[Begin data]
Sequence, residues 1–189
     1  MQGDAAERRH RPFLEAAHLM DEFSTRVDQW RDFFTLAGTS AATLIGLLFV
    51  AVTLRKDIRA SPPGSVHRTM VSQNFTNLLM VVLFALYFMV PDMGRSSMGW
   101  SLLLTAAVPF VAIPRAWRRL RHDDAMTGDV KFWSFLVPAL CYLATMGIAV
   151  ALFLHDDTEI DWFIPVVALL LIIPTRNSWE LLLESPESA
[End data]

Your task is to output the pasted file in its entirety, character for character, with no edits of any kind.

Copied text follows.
Sequence, residues 1–189
     1  MQGDAAERRH RPFLEAAHLM DEFSTRVDQW RDFFTLAGTS AATLIGLLFV
    51  AVTLRKDIRA SPPGSVHRTM VSQNFTNLLM VVLFALYFMV PDMGRSSMGW
   101  SLLLTAAVPF VAIPRAWRRL RHDDAMTGDV KFWSFLVPAL CYLATMGIAV
   151  ALFLHDDTEI DWFIPVVALL LIIPTRNSWE LLLESPESA